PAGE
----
‘Grannies’ take stand against war

Originally appeared in The Troy Record on Friday, February 15, 2008
By Tom Caprood, The Record


Marcia Hopple of Poestenkill, Jane Streiff of Delmar and Kim Kennedy of Saratoga Springs protest. J.S. Carras — The Record

ALBANY — Several area women used Valentine’s Day as an opportunity to show how their hearts have been broken due to a lack of essential services for veterans of the wars in Iraq and Afghanistan.

“Grannies for Peace” was the group that held signs and banners expressing their opposition to war to passing motorists in front of the Albany Veterans Administration Hospital on Holland Avenue.

“It’s troubling for us to hear that there are not enough services for all of the soldiers who return from war, especially for those who have psychological problems as a result of the kind of war this has turned out to be,” said Troy resident Sue Clark.

This was the third year the group came out on the holiday to protest disservice to veterans and, while all of the women do not have direct relatives in the armed services, they felt for wounded veterans as if they were part of their family.

“If they’re not our grandchildren, they are certainly someone else’s,” said Mabel Leon, a Schenectady resident.

The women were not protesting against the local hospital itself, but the national policies which they are forced to follow.

According to members of the group, the care currently being provided by the government is not enough for the long-term problems faced by both veterans and their families.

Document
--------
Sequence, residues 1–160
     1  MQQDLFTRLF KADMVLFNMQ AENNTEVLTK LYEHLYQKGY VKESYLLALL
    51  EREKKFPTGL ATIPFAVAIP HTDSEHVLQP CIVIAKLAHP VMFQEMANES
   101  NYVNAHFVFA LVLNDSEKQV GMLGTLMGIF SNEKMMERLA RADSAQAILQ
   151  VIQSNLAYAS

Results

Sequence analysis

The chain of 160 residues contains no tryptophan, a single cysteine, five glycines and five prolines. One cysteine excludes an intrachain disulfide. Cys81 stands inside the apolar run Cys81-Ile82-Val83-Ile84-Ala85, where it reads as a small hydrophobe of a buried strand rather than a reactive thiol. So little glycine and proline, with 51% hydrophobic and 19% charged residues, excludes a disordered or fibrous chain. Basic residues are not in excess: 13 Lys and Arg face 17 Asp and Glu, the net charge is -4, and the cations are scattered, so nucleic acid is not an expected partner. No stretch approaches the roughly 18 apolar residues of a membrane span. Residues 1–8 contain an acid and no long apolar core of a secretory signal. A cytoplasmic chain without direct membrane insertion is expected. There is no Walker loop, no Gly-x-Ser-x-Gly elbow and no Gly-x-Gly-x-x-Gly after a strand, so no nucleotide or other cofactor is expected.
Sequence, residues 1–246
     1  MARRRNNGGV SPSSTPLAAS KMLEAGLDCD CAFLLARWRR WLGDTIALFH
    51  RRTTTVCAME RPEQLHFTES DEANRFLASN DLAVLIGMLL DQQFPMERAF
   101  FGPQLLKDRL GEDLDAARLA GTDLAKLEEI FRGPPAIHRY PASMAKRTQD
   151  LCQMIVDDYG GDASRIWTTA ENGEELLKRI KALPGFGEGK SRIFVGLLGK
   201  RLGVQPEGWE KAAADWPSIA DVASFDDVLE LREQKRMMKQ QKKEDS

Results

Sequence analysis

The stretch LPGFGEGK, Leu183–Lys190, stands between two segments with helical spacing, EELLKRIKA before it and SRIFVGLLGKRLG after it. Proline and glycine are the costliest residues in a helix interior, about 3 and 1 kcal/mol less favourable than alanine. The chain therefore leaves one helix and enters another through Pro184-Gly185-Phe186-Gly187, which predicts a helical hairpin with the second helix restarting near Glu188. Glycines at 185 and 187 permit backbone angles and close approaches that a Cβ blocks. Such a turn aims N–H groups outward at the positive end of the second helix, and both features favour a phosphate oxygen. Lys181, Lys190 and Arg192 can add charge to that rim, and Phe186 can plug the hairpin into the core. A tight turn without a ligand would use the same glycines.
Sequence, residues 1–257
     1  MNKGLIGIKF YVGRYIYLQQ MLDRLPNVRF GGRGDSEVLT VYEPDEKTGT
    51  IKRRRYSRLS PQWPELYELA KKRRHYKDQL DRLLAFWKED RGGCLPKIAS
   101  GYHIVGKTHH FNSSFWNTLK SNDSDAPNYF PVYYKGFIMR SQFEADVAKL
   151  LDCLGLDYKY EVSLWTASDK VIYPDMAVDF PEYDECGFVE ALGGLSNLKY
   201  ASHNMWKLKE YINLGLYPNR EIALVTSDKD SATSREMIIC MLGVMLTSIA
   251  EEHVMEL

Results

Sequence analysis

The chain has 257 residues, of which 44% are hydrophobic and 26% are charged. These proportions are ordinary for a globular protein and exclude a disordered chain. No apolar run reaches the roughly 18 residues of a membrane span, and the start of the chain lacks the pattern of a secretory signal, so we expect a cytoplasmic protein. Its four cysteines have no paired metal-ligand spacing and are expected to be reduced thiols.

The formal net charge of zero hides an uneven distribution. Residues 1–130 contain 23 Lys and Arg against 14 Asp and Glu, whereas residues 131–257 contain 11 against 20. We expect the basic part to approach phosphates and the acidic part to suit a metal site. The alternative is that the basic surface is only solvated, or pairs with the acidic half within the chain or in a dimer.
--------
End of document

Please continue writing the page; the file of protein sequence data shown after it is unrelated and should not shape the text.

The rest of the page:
“Many of these returning soldiers have wounds that are not visible and cannot be healed in a short period of time,” said Leon, referring to psychological conditions such as post traumatic stress disorder.

Leon felt that the lack of care was so severe that it was a major cause for the alarming rates of suicides and homicides committed by veterans who return from battle.

The group called on the government to implement a new policy that would require all returning veterans to be tested for the presence of depleted uranium, a toxic chemical which can lead to severe long-term health problems if absorbed by the body.

Additionally, they also felt that women veterans should receive counseling for the specific traumas they have endured during their service, such as rape and various medical conditions.

“So many wonderful lives of young people have been ruined by these wars. We feel they should have a high priority in getting the services they need,” said Clark.